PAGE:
Re: Password cracking and webmail.
From: Winged (Winged_at_nofollow.com)
Date: Tue, 30 Aug 2005 18:39:02 -0500
> qewjf <email@example.com> writes:
>>According to a website I use: "XXX uses hi-tech software to prevent
>>password crackers from operating, but most web-email providers, such as
>>Hotmail, do not. Because anyone who has access to your email account can
>>request your XXX password, revealing your email address means that
>>anyone capable of hacking your email account can request your XXX
>>password. This happens around 300 times a day and in these instances,
>>there is nothing we can do to help you."
>>I do not understand this. When I access my webmail, I type in the
>>username/password and the page loads. If the combination is incorrect I
>>1. Are there crackers that work on web based e-mail? I thought you
>>had to download the password file and crack it locally.
>>2. How do they work?
>>3. Wouldn't the cracker be locked out after a few incorrect enteries?
> Many places will send y ou your password if you loose it. They send it to
> your email account on file. Thus if someone can get at your email account
> they can request thatthe password be sent to you and then read what the
> password is from your email.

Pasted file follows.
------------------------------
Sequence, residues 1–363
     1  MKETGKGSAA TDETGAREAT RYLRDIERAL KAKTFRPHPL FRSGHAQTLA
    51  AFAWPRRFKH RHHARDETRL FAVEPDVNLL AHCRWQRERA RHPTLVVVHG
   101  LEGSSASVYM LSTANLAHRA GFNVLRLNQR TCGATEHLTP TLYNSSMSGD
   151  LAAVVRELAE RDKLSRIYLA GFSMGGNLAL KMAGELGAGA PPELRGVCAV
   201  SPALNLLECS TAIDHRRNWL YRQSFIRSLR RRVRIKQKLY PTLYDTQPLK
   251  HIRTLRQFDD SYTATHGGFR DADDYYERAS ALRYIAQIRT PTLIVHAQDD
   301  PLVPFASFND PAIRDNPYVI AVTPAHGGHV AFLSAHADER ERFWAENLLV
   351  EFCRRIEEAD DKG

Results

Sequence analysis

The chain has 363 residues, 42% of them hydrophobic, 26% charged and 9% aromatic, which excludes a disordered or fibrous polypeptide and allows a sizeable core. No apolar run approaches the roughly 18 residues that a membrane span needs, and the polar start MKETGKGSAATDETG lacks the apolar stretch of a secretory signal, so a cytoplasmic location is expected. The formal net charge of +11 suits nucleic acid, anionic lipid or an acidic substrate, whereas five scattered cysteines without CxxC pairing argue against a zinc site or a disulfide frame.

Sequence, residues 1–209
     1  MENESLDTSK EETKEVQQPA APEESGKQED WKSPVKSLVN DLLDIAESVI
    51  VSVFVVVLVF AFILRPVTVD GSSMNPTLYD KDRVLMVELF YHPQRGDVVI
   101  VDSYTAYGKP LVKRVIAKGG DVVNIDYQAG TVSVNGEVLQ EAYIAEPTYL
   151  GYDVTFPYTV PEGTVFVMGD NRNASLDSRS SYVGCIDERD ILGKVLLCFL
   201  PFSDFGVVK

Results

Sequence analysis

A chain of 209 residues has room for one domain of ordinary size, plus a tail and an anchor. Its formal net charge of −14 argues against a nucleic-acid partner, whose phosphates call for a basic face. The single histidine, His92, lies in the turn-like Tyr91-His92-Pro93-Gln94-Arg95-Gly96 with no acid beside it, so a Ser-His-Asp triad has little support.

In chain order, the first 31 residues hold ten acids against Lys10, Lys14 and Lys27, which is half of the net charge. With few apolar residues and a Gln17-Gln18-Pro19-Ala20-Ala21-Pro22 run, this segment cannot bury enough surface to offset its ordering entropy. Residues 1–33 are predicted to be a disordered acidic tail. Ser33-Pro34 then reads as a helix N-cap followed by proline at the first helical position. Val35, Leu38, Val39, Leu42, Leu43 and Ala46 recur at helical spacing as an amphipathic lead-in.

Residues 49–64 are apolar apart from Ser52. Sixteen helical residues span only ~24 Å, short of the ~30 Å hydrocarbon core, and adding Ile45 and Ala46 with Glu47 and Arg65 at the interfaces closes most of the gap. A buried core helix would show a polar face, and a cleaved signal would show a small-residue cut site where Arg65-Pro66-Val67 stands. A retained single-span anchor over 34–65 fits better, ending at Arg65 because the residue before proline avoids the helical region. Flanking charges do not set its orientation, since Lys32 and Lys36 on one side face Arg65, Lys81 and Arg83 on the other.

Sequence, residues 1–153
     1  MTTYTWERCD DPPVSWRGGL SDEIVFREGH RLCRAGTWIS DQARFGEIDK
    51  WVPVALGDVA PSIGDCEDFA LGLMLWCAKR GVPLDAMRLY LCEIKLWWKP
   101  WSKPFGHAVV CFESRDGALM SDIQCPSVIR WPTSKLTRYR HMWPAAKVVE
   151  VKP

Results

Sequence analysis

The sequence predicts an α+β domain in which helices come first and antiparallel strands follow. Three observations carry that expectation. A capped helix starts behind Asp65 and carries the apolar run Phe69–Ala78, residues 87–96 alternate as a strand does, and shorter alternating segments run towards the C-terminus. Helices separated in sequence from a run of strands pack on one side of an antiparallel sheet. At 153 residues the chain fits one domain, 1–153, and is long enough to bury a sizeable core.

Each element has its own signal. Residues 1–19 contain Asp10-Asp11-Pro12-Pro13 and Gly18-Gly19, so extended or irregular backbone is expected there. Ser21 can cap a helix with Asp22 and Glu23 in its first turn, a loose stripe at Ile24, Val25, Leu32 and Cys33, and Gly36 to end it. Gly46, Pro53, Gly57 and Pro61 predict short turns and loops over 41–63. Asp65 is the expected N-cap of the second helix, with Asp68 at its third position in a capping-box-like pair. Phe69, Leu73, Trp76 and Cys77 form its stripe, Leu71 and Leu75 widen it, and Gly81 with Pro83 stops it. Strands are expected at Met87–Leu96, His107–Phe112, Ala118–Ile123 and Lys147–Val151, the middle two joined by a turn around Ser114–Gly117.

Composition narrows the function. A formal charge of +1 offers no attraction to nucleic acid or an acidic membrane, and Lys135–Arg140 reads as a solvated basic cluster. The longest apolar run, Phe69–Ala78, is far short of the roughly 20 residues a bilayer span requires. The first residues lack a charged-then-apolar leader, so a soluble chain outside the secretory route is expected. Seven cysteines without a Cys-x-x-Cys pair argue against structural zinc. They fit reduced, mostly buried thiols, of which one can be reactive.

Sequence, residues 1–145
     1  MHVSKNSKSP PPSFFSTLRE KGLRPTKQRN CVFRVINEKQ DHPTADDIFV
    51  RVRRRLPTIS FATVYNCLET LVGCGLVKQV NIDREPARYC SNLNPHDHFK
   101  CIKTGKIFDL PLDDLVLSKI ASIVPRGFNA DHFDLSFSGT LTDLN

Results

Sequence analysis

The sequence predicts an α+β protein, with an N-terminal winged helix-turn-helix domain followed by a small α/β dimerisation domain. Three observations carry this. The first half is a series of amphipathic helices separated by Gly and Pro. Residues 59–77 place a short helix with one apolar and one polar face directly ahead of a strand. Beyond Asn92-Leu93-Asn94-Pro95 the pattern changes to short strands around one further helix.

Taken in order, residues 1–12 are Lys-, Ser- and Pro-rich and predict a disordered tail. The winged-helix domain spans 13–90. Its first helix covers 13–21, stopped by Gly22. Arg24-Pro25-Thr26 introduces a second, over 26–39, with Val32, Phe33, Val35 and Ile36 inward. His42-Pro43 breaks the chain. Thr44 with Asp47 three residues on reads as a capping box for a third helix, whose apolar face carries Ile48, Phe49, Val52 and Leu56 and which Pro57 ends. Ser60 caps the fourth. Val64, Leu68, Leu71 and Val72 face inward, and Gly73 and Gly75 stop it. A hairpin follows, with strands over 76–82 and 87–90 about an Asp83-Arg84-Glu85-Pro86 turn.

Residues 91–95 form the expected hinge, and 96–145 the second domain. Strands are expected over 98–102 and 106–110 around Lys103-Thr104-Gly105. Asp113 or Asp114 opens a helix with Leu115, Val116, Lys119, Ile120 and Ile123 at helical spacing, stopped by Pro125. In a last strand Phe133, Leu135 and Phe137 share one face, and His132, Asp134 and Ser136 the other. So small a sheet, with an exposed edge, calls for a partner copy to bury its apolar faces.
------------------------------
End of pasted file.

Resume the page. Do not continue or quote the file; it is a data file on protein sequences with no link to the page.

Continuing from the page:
Many users use the same password everywhere. Users use names, pets,
streets addresses etc on multiple sites. Very few users use complex and
sufficiently long passwords.
Some sites have their password files exposed that can be accessed using
for example a telnet session embedded HTML Java page from their free
website host, file may be hidden from the Internet but accessible
directly through their user web server site(there are other methods,
this is just an example). This allows password files to be cracked at
leisure, without provider even seeing traffic, though this would imply
someone was watching.
Many of the free web mail hosts do not set a max tries setting...causes
too many user support issues.
The most common "cracker" I have seen used on Yahoo are simple name
dictionary crackers. It is remarkable how successful even this simple
method appears to be.
Another method commonly used with Yahoo would be simply to place a
trojan on the machine you wanted using one of several buffer overflow
methods in their older Yahoo versions. Some of the exploits were
related to JAVA and others with the YAHOO tool itself. I am not aware
of any exploits in their current 6.0 version of IM however there are
several methods to obtain the victims IP and attack the remote user host
directly with other exploits.
Another method commonly used is posting links in rooms (probably some
sexy sounding girl with pics posted) where an exploit awaited users who
clicked links. Some of the profile pages had exploits embedded (varied
methods). Once trojaned getting passwords is easy.
For awhile I found IM exploits in Yahoo an interesting study in methods,
they ran the gambit. Yahoos password is good for their IM, mail,
portfolio, and other sensitive areas.
They have a difficult time fixing stupid users or compromised machines
which makes their options complex and difficult to manage, so they don't.
What do you expect for free, security?